Tuesday, May 30, 2006

18. Those who will be Given to Christ


.... After Predestination Phase 1, God evaluates the response in each person’s life to decide whether or not He will give them to Jesus and press on with Predestination Phase 2, the phase that will actually bring them to salvation (John 6:37). In our previous sections we discussed some of the more general parts of His criteria, but now let’s focus on the heart of this matter. Let’s look for an actual identification between Jesus Himself, as the Elect One of God (Isaiah 42:1), and those whom He will choose. For we know that He came into this world:

.... "having no form or comeliness; and when we see Him, there is no beauty that we should desire Him. He is despised and rejected by men, a man of sorrows and acquainted with grief. And we hid, as it were, our faces from Him; He was despised and we did not esteem Him."

(Isaiah 53:2-3)

.... Also, remember that Jesus was crucified in weakness (2 Cor 13:4). In every way, He came to us as one emptying Himself of reputation, taking the form of humility (Phil 2:5-8), and trusting in His heavenly Father (Heb 2:13). In response to this, God honored Him and exalted Him to His own glory (Phil 2:9-11), providing the perfect example of His eternal purpose, that He be glorified through His Son alone.
.... The Psalmist would summarize by saying:

.... "The stone that the builders rejected became the chief cornerstone; this was the Lord's doing, and it is marvelous in our eyes."

(Psalm 118:22-23)

.... Jesus became the firstborn, the pattern, the Elect One of God; and those whom He will choose for salvation, who will become elect in Him, are the ones who identify with His own example:

.... "Coming to Him as to a living stone, rejected indeed by men, but chosen by God and precious, you also, as living stones ..."

(1 Peter 2:4-7)

.... Or as Paul said to the Corinthians:

.... "For you see your calling, brethren, that not many wise according to the flesh, not many mighty, not many noble, are called. But God has chosen the foolish things of the world to put to shame the things which are mighty; and the base things of the world and the things which are despised God has chosen, and the things which are not, to bring to nothing the things that are, that no flesh should glory in His presence."

(1 Corinthians 1:26-29)

.... So the identification goes beyond mere coincidence and is actually a form of criteria, for these are the sort of persons Jesus can ultimately be glorified in: "For My strength is made perfect in weakness." (2 Corinthians 12:9); and this understanding perfectly harmonizes with the mystery of God’s will, that He be glorified in us through His Son. Since we have nothing of which to boast, but Christ Himself is the pattern: "He who glories, let him glory in the Lord" (1 Cor 1:31). This is the most Christ-centered perspective for the subject to be found.
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* Does any of this change the fact, that God foreknew which of these people would be adoptable, and that He would be calling them at the end of His efforts? "And in your book they were all written, the days fashioned for me, when as yet there were none of them." (Psalm 139:16).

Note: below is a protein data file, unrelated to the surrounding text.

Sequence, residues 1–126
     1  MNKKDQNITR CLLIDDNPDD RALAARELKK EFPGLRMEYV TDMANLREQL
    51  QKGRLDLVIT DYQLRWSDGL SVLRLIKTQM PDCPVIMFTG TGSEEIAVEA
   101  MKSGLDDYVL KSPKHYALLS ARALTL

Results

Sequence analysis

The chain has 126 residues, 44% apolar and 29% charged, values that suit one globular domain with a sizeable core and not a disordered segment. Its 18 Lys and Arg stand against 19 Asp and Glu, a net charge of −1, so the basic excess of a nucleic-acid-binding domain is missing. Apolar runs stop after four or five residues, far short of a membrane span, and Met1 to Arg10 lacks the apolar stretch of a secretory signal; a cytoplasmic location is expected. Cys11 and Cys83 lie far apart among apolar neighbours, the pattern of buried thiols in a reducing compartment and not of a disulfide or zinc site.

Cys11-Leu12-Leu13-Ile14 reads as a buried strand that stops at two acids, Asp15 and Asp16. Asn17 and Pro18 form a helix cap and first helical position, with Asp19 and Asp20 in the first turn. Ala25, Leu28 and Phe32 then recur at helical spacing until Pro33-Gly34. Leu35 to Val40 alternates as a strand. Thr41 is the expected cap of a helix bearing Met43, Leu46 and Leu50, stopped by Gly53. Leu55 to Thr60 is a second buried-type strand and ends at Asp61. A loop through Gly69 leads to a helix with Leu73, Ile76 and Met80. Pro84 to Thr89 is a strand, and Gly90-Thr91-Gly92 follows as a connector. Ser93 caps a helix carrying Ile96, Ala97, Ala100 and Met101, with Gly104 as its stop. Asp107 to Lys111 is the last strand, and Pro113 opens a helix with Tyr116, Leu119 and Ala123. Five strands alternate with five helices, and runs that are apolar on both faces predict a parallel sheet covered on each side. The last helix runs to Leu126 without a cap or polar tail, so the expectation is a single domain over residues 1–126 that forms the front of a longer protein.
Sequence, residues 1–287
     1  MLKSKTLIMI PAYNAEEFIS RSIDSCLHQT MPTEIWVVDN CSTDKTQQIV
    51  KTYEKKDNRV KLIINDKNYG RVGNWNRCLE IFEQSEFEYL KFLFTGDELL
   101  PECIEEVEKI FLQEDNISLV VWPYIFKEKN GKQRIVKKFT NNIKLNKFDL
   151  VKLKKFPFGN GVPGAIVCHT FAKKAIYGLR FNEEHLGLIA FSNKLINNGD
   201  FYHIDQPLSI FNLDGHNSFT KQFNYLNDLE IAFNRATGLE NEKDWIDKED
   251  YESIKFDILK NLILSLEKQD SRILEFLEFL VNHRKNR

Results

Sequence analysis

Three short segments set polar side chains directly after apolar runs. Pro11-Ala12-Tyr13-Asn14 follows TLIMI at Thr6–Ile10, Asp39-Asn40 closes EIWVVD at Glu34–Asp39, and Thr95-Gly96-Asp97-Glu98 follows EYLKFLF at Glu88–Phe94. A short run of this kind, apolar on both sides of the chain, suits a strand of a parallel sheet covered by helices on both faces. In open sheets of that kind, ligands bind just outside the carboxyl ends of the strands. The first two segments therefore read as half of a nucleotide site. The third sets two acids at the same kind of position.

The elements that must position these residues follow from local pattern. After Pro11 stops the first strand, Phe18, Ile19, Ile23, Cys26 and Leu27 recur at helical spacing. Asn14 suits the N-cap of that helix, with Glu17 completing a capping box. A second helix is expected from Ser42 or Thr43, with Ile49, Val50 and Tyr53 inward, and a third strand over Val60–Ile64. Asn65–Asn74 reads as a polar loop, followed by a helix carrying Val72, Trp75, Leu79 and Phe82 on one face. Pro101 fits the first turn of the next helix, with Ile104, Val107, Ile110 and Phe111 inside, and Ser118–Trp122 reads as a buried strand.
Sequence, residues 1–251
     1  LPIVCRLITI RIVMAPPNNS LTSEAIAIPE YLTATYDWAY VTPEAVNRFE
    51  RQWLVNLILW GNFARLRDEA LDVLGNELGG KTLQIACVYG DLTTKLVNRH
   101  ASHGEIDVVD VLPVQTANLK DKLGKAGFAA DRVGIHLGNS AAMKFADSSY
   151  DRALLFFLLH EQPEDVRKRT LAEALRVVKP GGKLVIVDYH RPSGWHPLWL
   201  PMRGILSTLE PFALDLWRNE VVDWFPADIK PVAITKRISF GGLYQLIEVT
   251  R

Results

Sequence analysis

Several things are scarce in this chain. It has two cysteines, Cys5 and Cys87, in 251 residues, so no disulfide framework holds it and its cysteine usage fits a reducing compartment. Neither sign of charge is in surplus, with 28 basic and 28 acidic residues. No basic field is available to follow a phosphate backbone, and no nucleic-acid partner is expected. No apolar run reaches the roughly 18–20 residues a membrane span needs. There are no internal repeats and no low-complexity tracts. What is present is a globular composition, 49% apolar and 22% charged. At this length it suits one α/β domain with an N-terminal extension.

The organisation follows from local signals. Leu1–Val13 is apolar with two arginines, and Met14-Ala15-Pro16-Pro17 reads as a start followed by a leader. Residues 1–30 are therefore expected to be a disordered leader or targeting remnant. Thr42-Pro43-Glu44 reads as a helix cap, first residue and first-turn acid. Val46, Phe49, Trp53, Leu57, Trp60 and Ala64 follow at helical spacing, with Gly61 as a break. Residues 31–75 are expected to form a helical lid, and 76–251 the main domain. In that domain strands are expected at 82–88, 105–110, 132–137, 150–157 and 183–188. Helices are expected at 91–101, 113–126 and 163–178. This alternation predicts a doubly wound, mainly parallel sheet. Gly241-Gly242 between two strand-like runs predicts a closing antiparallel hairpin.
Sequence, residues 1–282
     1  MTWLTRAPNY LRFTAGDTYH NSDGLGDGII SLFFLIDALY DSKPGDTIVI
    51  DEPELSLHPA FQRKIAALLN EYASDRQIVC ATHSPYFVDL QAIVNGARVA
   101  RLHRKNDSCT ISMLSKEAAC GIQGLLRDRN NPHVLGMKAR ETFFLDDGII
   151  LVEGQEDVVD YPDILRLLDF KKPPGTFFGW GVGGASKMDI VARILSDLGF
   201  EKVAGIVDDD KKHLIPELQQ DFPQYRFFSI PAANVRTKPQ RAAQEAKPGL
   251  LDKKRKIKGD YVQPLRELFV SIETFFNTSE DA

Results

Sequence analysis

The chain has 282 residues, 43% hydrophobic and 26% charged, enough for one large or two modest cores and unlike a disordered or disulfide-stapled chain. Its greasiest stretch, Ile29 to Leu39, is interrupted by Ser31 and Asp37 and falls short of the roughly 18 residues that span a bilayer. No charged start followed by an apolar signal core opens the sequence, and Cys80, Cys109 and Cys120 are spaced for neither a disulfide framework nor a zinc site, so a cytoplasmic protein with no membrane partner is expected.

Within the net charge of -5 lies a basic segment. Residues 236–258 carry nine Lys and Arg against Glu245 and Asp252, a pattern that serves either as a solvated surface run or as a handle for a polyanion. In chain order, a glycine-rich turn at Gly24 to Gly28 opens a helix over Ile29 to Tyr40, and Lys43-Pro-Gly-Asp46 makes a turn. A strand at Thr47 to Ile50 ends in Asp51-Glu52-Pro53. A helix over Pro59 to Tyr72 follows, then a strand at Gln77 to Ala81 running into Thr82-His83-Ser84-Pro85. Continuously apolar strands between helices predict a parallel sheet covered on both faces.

.... There is perfect harmony between these two points. But God must still begin such a work in their lives because no one is able to come to Him unless He does so. Even if He knows the end result, He must work in their lives toward obtaining that result.
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* Please notice that no one was called or refused because of their own works, will, or efforts (John 1:13; Rom 9:16). God had mercy on them because of the humility He saw in them: and even this was the result of His own efforts in teaching them, drawing them, and working through their pre-appointed occasions, and outward circumstances (see Eph 2:10).
.... In other word’s God’s criteria is in our lack of criteria. This will not seem strange to those who understand that God has confined us all under sin that He may mercy on all (Gal 3:22; Rom 11:32). This is simply a furtherance of the same concept for the same eternal purpose.
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* One last point. Paul says that ‘not many’ wise, mighty, noble, etc., are called, but he doesn’t say ‘not any’. Some will be called. Actually, this brings us to the true heart of the matter:
.... Those of the wise, mighty and noble who are called know better than to trust in themselves; they know they must empty themselves and place their trust in God alone – for this fulfills God’s eternal purpose. Paul summarizes with the real point two verses later by saying: "He who glories, let him glory in the Lord." (1 Cor 1:31).
.... It’s simply that a foolish, weak, base or despised person – a nobody – is more likely to reach a humble conclusion about himself, and trust to God instead (1 Cor 1:27-28) See also Job 22:29; Luke 14:11; 18:9-14; James 4:6; 1 Peter 5:6.

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